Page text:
Howrah–Gaya–Delhi line

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Howrah-Gaya-Delhi line
LocaleWest Bengal, Jharkhand, Bihar, Uttar Pradesh, Delhi
New Delhi
OwnerIndian Railway
Operator(s)Eastern Railway, East Central Railway, North Central Railway, Northern Railway
Line length1,449 km (900 mi)
Number of tracks2
Track gauge1,676 mm (5 ft 6 in) Broad gauge
Electrification25 kV 50 Hz AC OHLE during 1960-1966
Operating speedup to 160 km/h
Highest elevationKoderma 398 metres (1,306 ft)

The Howrah–Gaya–Delhi is a railway line connecting Howrah and Delhi cutting across Indo-Gangetic Plain and a comparatively small stretch of the line crossing over the Chota Nagpur Plateau. It covers a distance of 1,449 kilometres (900 mi) across, West Bengal, Jharkhand, Bihar, Uttar Pradesh and Delhi. The Grand Chord is a part of this line and as such is referred to by many as Howrah-Delhi line (via Grand Chord).


The 1,449 km (900 mi) long trunk line, amongst the long and busy trunk lines connecting the metros, has been treated in more detail in smaller sections:

  1. Howrah-Bardhaman chord
  2. Bardhaman-Asansol section
  3. Asansol-Gaya section
  4. Gaya-Mughalsarai section
  5. Mughalsarai-Kanpur section
  6. Kanpur-Delhi section


Construction of a line from Howrah to Sahibganj, for the proposed Howrah-Delhi link, started in 1851. The first Howrah-Delhi line via what later became the Sahibganj Loop was opened in 1866.[1] With the completion of the Raniganj-Kiul section, the shorter Howrah-Delhi main line via Patna was in place in 1871.[2] The Sitarampur-Gaya-Mughalsarai Grand Chord, which shortened the Howrah-Delhi distance even further, was completed in 1901 but was formally inaugurated by Lord Minto, then Viceroy and Governor General of India with a function on 6 December 1906.[3]


Howrah–Bardhaman chord was electrified in 1964–66. The Bardhaman-Mankar-Waria sector in 1964-66, the Waria-Asansol sector in 1960−61, the Asansol to Gaya sector in 1960-62, the Gaya-Mughalsarai sector in 1962, the Mughalsarai-Kanpur sector in 1964-69 and the Kanpur-New Delhi sector in 1966-1977.[4]

The Howrah-Gaya-Delhi route was the first trunk route in India to be completely electrified (AC traction).[5]

In 1965, Asansol-Bareilly Passenger was the first long-distance train on Eastern Railway to be hauled by an AC loco.[6]

Speed limits[edit]

Most of the Howrah–Gaya–Delhi line is classified as ‘A’ class line where trains can run up to 160 km per hour but in certain sections speeds may be limited to 120–130 km per hour. The Howrah Rajdhani (between Howrah and New Delhi) travels at an average speed of 85.8 km per hour and the Sealdah Rajdhani (between Sealdah and New Delhi) travels at an average speed of 84.70 km per hour.[7][8]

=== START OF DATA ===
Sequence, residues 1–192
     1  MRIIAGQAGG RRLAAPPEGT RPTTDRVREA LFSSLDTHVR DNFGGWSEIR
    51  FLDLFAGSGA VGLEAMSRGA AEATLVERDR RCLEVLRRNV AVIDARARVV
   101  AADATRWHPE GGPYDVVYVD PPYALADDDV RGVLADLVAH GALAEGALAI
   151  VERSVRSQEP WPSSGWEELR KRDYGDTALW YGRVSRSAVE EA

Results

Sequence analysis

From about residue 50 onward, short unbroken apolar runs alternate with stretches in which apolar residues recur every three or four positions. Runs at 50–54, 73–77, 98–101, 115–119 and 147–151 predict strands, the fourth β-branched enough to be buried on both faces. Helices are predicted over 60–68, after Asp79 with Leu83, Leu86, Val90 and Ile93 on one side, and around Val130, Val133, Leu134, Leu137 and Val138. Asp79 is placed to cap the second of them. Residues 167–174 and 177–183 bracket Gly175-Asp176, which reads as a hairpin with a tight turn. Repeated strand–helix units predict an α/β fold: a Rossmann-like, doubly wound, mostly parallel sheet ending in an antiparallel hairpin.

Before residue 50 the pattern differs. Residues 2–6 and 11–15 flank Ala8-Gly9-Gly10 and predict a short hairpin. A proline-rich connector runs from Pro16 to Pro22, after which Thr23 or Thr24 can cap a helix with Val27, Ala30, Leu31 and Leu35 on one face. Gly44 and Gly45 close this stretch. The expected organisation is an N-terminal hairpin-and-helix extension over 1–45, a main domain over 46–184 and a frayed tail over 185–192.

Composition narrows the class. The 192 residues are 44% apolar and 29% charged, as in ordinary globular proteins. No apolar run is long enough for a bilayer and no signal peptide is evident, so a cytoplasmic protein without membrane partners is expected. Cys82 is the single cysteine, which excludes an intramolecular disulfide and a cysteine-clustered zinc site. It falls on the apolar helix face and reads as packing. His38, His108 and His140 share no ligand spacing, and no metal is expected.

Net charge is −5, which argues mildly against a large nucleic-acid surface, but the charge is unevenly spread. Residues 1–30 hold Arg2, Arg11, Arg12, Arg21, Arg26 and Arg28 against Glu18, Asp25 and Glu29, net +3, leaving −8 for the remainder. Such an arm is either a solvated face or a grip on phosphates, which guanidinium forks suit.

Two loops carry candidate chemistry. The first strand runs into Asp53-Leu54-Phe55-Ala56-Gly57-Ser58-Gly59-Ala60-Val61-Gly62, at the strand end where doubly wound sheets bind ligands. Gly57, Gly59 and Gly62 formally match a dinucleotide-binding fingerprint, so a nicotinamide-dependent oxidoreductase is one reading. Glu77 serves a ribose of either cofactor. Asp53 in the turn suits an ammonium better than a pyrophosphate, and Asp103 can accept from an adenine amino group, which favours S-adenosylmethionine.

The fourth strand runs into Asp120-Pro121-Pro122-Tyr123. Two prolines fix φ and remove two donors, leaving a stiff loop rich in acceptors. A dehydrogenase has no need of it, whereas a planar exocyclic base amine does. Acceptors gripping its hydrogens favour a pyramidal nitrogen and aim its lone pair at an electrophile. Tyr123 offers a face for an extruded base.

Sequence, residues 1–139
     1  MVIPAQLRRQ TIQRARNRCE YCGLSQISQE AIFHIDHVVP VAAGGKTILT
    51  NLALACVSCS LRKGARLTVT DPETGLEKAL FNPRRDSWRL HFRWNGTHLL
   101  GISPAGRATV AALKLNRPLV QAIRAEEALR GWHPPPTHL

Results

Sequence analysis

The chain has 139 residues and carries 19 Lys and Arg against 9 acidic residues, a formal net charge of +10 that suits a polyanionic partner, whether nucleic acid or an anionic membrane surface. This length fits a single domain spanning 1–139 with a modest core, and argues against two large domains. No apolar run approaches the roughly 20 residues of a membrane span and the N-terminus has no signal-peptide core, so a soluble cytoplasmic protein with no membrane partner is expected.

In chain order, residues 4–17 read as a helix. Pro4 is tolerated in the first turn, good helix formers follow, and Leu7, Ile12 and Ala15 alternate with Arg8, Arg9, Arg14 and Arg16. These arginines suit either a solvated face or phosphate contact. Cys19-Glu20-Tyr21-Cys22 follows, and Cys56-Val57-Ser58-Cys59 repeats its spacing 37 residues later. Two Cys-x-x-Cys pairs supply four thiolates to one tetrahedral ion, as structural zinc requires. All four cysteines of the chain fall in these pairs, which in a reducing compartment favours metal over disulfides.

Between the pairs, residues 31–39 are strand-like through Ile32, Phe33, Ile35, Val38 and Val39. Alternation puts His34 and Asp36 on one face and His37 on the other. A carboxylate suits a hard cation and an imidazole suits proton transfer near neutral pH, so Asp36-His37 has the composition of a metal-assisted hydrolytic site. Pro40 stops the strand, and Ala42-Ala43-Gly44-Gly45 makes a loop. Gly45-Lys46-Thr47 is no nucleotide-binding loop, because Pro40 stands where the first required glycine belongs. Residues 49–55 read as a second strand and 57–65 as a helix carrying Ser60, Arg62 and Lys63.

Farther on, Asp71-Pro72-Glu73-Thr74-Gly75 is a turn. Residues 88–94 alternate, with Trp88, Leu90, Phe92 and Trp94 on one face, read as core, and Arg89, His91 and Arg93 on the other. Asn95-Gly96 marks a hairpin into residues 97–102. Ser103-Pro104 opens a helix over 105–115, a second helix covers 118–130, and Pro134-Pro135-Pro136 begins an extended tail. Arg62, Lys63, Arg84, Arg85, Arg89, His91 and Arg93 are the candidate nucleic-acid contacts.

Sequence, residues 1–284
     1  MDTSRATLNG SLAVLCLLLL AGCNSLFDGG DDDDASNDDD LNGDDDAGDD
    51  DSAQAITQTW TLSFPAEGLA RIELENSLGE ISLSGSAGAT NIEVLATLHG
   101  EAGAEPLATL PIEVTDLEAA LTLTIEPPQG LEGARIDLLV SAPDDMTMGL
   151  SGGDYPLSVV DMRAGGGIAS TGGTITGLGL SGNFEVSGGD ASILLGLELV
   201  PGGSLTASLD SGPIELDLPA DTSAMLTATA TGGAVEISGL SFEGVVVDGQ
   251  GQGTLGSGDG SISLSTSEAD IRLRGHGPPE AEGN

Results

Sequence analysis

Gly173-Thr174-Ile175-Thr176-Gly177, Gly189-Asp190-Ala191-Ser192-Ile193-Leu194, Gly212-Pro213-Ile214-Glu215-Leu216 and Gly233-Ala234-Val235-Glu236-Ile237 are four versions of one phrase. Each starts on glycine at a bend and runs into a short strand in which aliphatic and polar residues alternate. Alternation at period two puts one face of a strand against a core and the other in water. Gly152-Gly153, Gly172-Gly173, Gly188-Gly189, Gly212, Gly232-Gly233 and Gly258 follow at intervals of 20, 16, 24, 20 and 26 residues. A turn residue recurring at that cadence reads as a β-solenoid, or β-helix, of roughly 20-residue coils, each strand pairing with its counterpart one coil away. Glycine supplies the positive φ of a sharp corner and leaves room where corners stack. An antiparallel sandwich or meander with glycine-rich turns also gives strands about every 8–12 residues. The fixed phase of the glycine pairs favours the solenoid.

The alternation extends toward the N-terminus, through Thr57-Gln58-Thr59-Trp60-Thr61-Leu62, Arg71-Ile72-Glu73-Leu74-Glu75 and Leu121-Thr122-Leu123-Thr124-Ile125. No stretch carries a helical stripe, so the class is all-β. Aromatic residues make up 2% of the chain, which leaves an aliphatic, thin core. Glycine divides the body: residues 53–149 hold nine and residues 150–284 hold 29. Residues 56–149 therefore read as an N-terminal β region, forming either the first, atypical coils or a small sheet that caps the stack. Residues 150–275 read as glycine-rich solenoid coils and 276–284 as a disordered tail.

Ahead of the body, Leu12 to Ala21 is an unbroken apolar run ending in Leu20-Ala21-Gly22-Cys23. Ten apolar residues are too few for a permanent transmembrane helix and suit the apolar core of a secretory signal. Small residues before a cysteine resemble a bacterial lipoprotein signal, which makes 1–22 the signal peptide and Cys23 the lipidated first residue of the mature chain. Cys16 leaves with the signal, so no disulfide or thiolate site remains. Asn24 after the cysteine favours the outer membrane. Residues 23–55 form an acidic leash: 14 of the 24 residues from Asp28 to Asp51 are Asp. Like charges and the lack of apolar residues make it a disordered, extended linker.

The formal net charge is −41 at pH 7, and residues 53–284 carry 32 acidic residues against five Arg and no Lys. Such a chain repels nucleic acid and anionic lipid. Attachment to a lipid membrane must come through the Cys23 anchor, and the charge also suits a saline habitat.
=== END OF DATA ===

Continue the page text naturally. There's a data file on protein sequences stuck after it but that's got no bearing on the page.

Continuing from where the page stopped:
The Rajdhani Express ran for the first time in 1969 from New Delhi to Howrah. It took 17 hours 20 minutes to cover the distance of 1,445 km.[9]

The first Duronto non-stop express was launched on 18 September 2009, between Sealdah and New Delhi. It was followed by several such trains between other stations.[10]

The first double-decker superfast train commenced running between Howrah and Dhanbad on 1 October 2011.[10]

Passenger movement[edit]

New Delhi, Kanpur Central, Allahabad, Mughalsarai, Gaya, Dhanbad, Asansol and Howrah, on this line, are amongst the top hundred booking stations of Indian Railway.[11]

Railway reorganisation[edit]

In 1952, Eastern Railway, Northern Railway and North Eastern Railway were formed. Eastern Railway was formed with a portion of East Indian Railway Company, east of Mughalsarai and Bengal Nagpur Railway. Northern Railway was formed with a portion of East Indian Railway Company west of Mughalsarai, Jodhpur Railway, Bikaner Railway and Eastern Punjab Railway. North Eastern Railway was formed with Oudh and Tirhut Railway, Assam Railway and a portion of Bombay, Baroda and Central India Railway.[12] East Central Railway was created in 1996-97.[13] North Central Railway was formed in 2003.[14]

Golden quadrilateral[edit]

The Howrah–Gaya–Delhi line is a part of the golden quadrilateral. The routes connecting the four major metropolises (New Delhi, Mumbai, Chennai and Kolkata), along with their diagonals, known as the golden quadrilateral, carry about half the freight and nearly half the passenger traffic, although they form only 16 per cent of the length.[15]

See also[edit]

  • NH 19 linking Delhi and Kolkata


  1. ^ "IR History: Early days I (1832-18690". IRFCA. Retrieved 21 March 2014.
  2. ^ "IR History:Early days II (1870-1899)". Retrieved 21 March 2014.
  3. ^ "IR History: Part III (1900-1947)". Retrieved 21 March 2014.
  4. ^ "History of Electrification". IRFCA. Retrieved 21 March 2014.
  5. ^ "IR History:Part V (1970-95)". IRFCA. Retrieved 21 March 2014.
  6. ^ "IR History Part IV (1947-1970". IRFCA (Indian Railways Fan Club). Retrieved 23 March 2014.
  7. ^ "Permanent Way". Track Classifications. Retrieved 2012-01-15.
  8. ^ "Trivia". Highest speed sections of track. Retrieved 21 March 2014.
  9. ^ "Rajdhani Express and Duronto Express Trains". Make My Trip. Retrieved 21 March 2014.
  10. ^ a b "IR History: Part VII (2000-present". IRFCA. Retrieved 21 March 2014.
  11. ^ "Indian Railways Passenger Reservation Enquiry". Availability in trains for Top 100 Booking Stations of Indian Railways. IRFCA. Archived from the original on 10 May 2014. Retrieved 21 March 2014.
  12. ^ "Geography – Railway Zones". IRFCA. Retrieved 21 March 2014.
  13. ^ "East Central Railway". ECR. Archived from the original on 18 February 2015. Retrieved 25 January 2014.
  14. ^ "North Central Railway". NCR. Retrieved 21 March 2014.
  15. ^ "Geography – Railway Zones". Major routes. IRFCA. Retrieved 21 March 2014.

External links[edit]